Cloud computing is an umbrella term for delivering computing services – like analytics, storage, servers, intelligence, and software – over the internet.
Cloud providers, such as Google Cloud Platform, use the internet (cloud) to deliver their offerings and provide a more efficient and flexible solution than your traditional on-prem setup.
Migrating to the cloud paved the way for new business models such as data-driven enterprises – which rely on processing vast amounts of data instantly. This new way of doing business is helping companies understand their customers better and stay one step ahead of their needs.
Read more: How to Build a Data-Driven Company: The Ultimate Guide
Cloud computing is a big step forward compared to the traditional IT infrastructure, which requires you to build and maintain physical data centers to run regular operations and store data. So it’s not a surprise that it’s fast becoming the dominant IT setup – by the end of 2022, companies will spend almost $500 billion on public cloud services.
Now, let’s take a closer look at the benefits of cloud migration.
Benefits of Moving to the Cloud
With cloud computing, you only pay for the services you use and have the option to upgrade your plan when and if needed. This payment method allows you to reduce operating costs, scale up without stress, and focus on innovation. Moreover, cloud computing removes your worries regarding software and security updates, as that’s the provider’s responsibility.
Lower costs are one of the biggest benefits and a powerful reason to move your business to the cloud. A Gartner research paper showed that moving from on-prem to a public cloud could reduce your monthly IT costs by as much as 55% over a three-year period.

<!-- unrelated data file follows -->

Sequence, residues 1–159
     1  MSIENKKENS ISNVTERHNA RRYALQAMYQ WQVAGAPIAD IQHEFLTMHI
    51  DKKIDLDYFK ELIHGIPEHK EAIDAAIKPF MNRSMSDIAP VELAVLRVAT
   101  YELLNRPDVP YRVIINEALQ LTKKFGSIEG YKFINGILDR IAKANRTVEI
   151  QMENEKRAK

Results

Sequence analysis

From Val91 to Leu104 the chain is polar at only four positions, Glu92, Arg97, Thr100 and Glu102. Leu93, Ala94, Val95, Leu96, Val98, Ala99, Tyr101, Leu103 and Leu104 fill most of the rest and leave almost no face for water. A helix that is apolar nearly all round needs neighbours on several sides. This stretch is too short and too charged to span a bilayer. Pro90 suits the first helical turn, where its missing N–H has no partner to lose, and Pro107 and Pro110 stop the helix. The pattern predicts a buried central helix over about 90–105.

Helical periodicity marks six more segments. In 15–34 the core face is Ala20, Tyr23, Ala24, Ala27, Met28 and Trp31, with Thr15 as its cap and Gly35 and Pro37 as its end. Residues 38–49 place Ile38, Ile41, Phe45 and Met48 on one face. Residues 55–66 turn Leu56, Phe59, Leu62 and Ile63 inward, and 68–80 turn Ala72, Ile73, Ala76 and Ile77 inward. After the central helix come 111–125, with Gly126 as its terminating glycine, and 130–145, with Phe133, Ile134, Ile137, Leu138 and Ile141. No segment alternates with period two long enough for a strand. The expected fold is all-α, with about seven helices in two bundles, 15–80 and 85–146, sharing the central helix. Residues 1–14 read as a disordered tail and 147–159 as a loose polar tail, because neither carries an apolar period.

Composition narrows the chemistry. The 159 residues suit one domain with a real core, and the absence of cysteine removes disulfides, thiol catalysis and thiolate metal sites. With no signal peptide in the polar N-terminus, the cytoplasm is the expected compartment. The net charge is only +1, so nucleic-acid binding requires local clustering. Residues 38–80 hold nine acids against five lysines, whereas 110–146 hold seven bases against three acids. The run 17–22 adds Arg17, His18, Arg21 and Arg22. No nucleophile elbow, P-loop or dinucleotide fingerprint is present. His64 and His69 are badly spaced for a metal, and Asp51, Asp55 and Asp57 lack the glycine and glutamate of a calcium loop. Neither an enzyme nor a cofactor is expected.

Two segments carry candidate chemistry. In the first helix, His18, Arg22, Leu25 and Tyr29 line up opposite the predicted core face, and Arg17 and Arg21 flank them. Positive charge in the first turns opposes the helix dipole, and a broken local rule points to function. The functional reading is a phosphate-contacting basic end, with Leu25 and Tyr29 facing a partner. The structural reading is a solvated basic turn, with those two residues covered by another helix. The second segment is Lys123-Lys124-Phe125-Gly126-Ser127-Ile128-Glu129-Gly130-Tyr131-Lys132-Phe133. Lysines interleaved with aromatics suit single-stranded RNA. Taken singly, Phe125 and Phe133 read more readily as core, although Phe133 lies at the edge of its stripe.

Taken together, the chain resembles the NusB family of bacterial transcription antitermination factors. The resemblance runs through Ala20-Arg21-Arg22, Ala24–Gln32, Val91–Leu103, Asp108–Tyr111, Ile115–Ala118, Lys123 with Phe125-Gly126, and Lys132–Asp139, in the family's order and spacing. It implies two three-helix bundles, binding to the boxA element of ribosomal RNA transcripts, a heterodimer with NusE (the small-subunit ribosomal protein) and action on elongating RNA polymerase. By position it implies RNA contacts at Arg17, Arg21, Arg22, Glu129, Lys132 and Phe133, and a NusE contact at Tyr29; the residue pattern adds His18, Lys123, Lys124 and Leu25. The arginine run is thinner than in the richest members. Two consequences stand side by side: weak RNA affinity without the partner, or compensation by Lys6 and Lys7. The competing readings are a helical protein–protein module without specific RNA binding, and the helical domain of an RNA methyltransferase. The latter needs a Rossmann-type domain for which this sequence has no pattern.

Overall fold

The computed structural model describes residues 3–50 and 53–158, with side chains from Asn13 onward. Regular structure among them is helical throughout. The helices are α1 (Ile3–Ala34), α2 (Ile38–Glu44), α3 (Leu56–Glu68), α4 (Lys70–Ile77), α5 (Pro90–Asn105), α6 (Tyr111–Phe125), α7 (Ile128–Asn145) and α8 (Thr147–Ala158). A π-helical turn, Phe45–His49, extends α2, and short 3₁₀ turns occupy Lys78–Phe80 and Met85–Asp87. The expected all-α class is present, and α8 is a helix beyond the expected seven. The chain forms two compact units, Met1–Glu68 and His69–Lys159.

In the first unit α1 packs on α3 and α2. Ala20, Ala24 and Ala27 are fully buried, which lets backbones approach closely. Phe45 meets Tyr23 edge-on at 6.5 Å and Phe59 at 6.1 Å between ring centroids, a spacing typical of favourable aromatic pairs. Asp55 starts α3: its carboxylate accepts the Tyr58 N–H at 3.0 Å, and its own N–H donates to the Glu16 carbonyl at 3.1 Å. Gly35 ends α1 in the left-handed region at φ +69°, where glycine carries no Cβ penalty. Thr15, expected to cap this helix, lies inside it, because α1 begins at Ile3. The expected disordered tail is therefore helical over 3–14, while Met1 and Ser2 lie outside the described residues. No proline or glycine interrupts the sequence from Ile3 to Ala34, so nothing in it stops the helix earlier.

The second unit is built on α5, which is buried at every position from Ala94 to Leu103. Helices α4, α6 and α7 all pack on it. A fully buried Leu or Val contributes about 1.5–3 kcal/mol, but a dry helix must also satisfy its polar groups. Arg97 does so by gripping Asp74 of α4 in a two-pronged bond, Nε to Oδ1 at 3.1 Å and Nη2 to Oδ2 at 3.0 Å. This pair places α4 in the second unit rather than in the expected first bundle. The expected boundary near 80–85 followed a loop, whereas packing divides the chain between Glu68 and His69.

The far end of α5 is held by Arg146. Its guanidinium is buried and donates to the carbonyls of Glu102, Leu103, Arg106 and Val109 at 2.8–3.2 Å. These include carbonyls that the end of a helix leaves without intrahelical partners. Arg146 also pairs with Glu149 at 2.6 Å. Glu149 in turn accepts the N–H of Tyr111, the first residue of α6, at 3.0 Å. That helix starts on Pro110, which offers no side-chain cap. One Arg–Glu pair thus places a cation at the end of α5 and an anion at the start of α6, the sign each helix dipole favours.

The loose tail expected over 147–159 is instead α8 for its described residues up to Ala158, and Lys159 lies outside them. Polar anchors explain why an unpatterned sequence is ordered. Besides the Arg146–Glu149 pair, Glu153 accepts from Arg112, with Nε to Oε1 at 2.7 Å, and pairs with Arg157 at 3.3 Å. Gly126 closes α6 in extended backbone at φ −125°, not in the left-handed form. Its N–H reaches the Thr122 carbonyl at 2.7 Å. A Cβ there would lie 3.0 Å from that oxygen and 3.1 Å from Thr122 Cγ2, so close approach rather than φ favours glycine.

Several factors contribute to the decrease in costs:
- You only pay for the functions and features that you use.
- Lower costs of purchasing and maintaining equipment.
- Your electricity use and bills go down.
- Without bulky servers, you need less office space.
- You need fewer IT people to take care of the equipment.
That said, you need to know that the initial costs of migrating to the cloud might be pretty high. Therefore it’s crucial to consider the cloud’s total cost of ownership, which includes points like data transfer or data duplication.
Greater Flexibility and Scalability
The cloud provides your organization with greater flexibility on the market while giving more freedom to your teams. Here’s how.
When working in the cloud, you can easily add or remove features and functions based on your goals and needs. The increased flexibility means your business is better prepared to respond to sudden changes on the market or pivot to take advantage of new opportunities.
On the other hand, your teams can work from anywhere – provided they have internet access. This offers them greater freedom while giving you access to a global talent pool.
Higher Security Standards and Practices
Once you migrate to the cloud, you increase the security of your data not only because of the cutting-edge technology but also the security-related economies of scale that you wouldn’t be able to take advantage of otherwise.
On-prem data centers have been around for more than 20 years. Because of that, most current systems are built on layers of legacy solutions – many of which do not play well together when it comes to security.
By contrast, cloud solutions are based on modern technology, bringing the newest safety and security features. Cloud providers based their whole business model on the cloud – so they are heavily incentivized to keep investing billions into keeping their solutions safe.
And this doesn’t just cover online attacks. Public cloud providers also cover around-the-clock security personnel and physical protection, ensuring your data is always safe.
Finally, cloud operators guarantee compliance with the latest regulations and standards (such as PCI, ISO, SOC, and FedRamp). This, in turn, means that all their users are automatically beneficiaries without paying for any of the work.